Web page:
<AWT Dev> [7u6] Review request for 7159266: [macosx] ApplicationDelegate should not be set in the headless mode

steve.x.northover at oracle.com steve.x.northover at oracle.com
Thu Apr 5 14:10:37 PDT 2012

Hi Mike,

It's been a while since I looked at the implementation.  Are you telling 
me that there is no public Apple API to do the things that you describe?

Note that we are way off topic ...


On 05/04/2012 4:31 PM, Mike Swingler wrote:
> How would an SWT developer accept new "open document" file double-clicks, or listen for sleep/wake events? AFAIK, eAWT is the only aperture that handles that right now.
> Regards,
> Mike Swingler
> Apple Inc.
> On Apr 5, 2012, at 1:11 PM, steve.x.northover at oracle.com wrote:
>> Hi all,
>> Headless mode works fine for SWT.  SWT doesn't use eAWT to do Quit etc.  Instead, it uses the appropriate native cocoa calls.
>> Steve
>> On 05/04/2012 11:23 AM, Anthony Petrov wrote:
>>> On 04/05/12 19:07, Mike Swingler wrote:
>>>>> Please review a fix for http://bugs.sun.com/bugdatabase/view_bug.do?bug_id=7159266 at:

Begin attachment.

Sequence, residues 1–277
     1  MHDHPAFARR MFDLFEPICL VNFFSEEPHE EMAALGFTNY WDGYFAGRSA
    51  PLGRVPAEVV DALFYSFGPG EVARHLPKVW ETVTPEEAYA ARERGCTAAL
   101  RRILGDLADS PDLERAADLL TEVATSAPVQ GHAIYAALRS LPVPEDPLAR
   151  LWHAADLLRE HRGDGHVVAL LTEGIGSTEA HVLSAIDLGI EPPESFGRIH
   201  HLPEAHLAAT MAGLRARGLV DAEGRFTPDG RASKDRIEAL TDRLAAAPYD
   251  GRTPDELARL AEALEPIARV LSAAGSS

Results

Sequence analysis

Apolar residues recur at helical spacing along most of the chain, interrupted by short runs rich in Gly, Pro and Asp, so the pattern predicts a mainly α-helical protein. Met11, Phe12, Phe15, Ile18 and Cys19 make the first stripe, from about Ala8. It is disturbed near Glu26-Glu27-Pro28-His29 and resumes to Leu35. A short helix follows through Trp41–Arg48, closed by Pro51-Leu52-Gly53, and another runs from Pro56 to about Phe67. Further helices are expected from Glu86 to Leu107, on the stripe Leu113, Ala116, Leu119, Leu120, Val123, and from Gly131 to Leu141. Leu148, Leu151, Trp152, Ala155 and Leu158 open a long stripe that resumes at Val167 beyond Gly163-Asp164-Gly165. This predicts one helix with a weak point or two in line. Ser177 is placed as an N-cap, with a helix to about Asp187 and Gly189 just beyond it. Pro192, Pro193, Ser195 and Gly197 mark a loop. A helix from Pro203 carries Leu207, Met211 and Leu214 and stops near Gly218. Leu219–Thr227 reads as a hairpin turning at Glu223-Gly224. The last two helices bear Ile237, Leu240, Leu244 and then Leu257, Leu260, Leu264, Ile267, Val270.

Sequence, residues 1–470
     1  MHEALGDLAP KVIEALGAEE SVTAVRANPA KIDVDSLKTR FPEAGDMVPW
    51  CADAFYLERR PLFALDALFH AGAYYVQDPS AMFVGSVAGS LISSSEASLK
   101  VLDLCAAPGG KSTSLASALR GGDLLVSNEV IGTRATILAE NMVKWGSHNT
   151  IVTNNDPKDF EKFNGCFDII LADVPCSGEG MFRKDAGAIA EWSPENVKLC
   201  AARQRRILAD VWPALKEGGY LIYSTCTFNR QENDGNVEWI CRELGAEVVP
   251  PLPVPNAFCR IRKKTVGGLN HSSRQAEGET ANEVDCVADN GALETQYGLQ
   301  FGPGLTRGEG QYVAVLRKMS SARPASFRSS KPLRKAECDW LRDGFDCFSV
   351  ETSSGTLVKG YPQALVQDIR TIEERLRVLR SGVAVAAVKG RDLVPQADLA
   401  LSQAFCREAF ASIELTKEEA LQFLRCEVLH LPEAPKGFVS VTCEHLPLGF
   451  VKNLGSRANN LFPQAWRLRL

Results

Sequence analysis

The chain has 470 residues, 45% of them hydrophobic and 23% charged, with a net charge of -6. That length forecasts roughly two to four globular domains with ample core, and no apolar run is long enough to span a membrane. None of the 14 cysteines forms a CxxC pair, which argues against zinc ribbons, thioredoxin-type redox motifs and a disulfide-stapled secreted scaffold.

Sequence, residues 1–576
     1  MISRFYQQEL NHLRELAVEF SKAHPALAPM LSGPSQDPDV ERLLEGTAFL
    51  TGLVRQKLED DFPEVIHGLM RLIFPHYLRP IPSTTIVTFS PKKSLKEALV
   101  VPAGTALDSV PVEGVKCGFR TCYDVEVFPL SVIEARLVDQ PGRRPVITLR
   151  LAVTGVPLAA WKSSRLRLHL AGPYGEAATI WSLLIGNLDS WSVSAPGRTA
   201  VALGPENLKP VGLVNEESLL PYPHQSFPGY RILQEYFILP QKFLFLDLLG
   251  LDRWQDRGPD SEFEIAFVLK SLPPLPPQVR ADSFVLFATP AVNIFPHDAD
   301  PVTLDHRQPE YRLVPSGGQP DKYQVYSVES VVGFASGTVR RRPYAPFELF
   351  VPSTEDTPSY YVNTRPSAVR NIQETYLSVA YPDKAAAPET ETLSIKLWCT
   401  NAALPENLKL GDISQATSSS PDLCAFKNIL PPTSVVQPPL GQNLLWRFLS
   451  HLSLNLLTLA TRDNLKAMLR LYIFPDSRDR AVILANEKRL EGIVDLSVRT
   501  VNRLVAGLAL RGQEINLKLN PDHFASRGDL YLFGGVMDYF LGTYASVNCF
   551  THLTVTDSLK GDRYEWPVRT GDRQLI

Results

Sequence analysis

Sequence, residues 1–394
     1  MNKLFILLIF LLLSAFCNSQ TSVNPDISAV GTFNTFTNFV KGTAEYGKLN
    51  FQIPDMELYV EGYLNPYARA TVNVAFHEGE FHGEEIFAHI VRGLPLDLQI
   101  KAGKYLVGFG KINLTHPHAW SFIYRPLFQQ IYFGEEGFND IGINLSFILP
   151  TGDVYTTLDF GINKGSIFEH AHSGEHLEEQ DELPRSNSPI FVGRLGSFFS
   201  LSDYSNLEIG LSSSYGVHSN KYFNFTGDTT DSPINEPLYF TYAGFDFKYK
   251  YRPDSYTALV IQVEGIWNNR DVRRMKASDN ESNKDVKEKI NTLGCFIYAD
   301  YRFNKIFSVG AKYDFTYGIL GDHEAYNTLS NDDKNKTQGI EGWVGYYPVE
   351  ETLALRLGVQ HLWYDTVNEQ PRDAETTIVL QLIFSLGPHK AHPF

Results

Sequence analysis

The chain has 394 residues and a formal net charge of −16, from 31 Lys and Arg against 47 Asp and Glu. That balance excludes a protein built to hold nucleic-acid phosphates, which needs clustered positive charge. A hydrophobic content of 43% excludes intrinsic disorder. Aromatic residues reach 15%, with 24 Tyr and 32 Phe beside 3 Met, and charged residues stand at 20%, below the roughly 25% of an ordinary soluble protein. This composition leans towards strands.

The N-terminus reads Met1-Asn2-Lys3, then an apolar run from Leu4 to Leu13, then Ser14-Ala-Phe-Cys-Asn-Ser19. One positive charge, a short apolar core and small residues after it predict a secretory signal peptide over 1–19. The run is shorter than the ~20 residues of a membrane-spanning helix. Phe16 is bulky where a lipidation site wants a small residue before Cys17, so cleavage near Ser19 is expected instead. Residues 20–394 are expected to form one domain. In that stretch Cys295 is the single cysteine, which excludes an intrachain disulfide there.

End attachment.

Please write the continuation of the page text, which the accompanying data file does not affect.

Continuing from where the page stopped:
>>>>> http://cr.openjdk.java.net/~anthony/7u6-4-fxHang-7159266.0/
>>>>> With this fix we avoid setting an application delegate when AWT is started in the headless mode. This prevents a hang when another GUI toolkit (e.g. JavaFX) is already running in the same Java process.
>>>> This would logically mean that you won't get eAWT events (file open, quit, etc) while started in this mode. Does this impact SWT as well?
>>> In the headless mode an application doesn't have any UI, and as such there's no way to generate e.g. a Quit action. Hence the application delegate isn't necessary in this mode.
>>> SWT uses a special "SWT mode" (== -XstartOnFirstThread) which is different from the headless mode. In the SWT mode the delegate will still be installed.
>>> I think this may not work in case of running an SWT application together with the AWT in headless mode. However, I can't imagine who might want to run SWT/AWT in such configuration because the headless mode is supposed to be primarily used in server environments where a display is physically unavailable, in which case SWT wouldn't be able to run there either.
>>> -- 
>>> best regards,
>>> Anthony

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